When I returned home from the Return to Renton car show on Sunday, I saw a story on the news about citizens in Cedar Rapids, Iowa, rallying around the town in the wake of a natural disaster. The truth is, almost every day seems like that in Renton. I am not someone who “does” car shows. In fact, I probably could take them or leave them. But, I can’t imagine when I have had a better day in Renton than last Sunday’s car show (and with a cracked rib that is really saying something)! Close to 4,500 people were walking the downtown streets of Renton! It doesn’t get any better than that! The spirit of Renton was alive and well everywhere I looked.
Here is some of what I heard and saw.
Marty at Oak Hill Farms, who sells shaved ice and is a regular at the Farmers Market, insisted on giving away free, cool, sweet, shaved ice to everyone who volunteered. Yet, he still had a banner day of sales. Ditto for the folks selling corn on the cob – sold out. The Eagles and Rubattino’s had record crowds selling breakfast! Everyone in our group at the Eagles said the breakfast was fabulous! The groovy DJ, Gaylen Sauve’ – one of the best I have ever heard – had the crowd dancing in the streets and doing the “YMCA.” Attendees marveled at the “Double Trouble” exhibit of a two-headed cab truck used by Renton Technical College to train its automotive students. Bruce Savadow, a photographer, sold me some amazing prints and remarked about how friendly everyone was in Renton. Council member Marcie Palmer, watching son David perform in the middle of downtown to “Once Upon a Mattress,” said: “The car show was a great boost to downtown.”
Kathleen Keator from the Renton Chamber of Commerce stopped me on the street to marvel at “how blown away she was” by how successful the car show was. Remarkably, in the show’s first year in downtown Renton, the show was incredibly well organized and signage made it look effortless — which I know it was not — to get around downtown. Jim Medzegian, co-chair of the event, and his committee put in countless hours and effort into this event that benefits the Renton Police Department youth programs.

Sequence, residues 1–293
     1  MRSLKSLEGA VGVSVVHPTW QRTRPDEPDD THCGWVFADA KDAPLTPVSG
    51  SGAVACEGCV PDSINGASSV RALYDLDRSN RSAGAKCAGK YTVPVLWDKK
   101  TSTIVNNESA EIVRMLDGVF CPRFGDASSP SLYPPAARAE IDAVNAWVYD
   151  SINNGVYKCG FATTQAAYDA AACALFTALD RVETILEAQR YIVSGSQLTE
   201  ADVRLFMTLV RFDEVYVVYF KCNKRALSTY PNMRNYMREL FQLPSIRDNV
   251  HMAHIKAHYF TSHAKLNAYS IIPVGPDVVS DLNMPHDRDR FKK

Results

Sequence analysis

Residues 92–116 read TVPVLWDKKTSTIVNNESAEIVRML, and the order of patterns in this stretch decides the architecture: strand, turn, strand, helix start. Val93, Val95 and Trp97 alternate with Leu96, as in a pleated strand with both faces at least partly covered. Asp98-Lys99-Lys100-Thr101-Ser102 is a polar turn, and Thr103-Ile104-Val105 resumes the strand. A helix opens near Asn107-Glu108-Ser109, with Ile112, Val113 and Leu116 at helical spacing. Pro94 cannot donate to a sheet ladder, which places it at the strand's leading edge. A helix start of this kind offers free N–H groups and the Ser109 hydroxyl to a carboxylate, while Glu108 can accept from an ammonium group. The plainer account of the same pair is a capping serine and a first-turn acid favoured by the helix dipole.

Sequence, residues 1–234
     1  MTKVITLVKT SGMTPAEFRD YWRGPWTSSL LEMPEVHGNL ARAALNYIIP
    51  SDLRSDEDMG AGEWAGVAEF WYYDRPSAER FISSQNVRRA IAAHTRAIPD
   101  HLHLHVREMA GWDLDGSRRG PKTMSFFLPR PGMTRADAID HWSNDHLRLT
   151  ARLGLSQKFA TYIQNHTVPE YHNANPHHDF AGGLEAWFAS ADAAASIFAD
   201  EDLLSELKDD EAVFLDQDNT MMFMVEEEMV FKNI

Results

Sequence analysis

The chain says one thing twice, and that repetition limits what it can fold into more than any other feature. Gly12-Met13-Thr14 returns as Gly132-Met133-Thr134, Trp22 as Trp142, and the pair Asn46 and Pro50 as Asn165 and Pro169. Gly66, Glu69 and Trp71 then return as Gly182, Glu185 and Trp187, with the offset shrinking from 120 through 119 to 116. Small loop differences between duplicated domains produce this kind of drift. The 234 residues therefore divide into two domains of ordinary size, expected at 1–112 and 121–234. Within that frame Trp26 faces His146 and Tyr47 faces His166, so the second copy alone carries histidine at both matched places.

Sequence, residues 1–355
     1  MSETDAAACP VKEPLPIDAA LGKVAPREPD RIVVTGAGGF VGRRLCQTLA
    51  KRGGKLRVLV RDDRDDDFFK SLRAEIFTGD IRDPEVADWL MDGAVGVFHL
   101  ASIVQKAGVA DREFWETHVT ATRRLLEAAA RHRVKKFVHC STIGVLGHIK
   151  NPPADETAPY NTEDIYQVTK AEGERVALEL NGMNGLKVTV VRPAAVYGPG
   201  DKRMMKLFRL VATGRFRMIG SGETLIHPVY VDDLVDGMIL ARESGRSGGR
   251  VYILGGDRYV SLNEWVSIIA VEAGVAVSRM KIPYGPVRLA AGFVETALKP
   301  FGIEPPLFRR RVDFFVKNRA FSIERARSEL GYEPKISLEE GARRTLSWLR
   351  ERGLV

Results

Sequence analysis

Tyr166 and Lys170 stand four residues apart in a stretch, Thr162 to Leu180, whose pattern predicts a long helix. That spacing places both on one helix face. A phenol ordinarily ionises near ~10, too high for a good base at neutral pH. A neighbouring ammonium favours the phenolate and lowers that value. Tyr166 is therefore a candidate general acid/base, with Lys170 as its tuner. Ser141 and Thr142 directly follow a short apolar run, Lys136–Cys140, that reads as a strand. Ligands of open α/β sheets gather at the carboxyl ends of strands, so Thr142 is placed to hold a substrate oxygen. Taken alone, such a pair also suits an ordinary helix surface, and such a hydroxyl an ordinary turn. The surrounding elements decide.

There were close to 400 cars at the show. My favorite was a 1957 Ford Fairlane convertible, exhibited by Rick Gould of Kent.
He was a first-time exhibitor who “definitely will be back.” He enjoyed the relaxed atmosphere of the show, loved that he wasn’t “held hostage” like some fairgrounds shows, we had plenty of port-a-potties (a serious thing, he said!) and could wander restaurants at his leisure; he enjoyed ribs and an ice cream sandwich. His red and white convertible, with the original color scheme interior, 351-cubic-inch Windsor w/4 BBR and C6 transmission and 9-inch rear end was the kind of car you wanted to be driving away in on the end of a perfect day in downtown Renton.
Did I mention I don’t go to car shows?
Susan Bressler is an active member of a number of Renton organizations, including the Chamber of Commerce. E-mail her at firstname.lastname@example.org.